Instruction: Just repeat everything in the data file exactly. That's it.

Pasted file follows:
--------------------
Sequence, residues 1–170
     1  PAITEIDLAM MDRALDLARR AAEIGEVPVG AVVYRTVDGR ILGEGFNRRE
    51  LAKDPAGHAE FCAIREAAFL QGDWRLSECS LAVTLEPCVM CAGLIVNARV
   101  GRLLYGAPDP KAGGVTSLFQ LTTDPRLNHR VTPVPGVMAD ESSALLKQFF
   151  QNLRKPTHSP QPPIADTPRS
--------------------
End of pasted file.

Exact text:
Sequence, residues 1–170
     1  PAITEIDLAM MDRALDLARR AAEIGEVPVG AVVYRTVDGR ILGEGFNRRE
    51  LAKDPAGHAE FCAIREAAFL QGDWRLSECS LAVTLEPCVM CAGLIVNARV
   101  GRLLYGAPDP KAGGVTSLFQ LTTDPRLNHR VTPVPGVMAD ESSALLKQFF
   151  QNLRKPTHSP QPPIADTPRS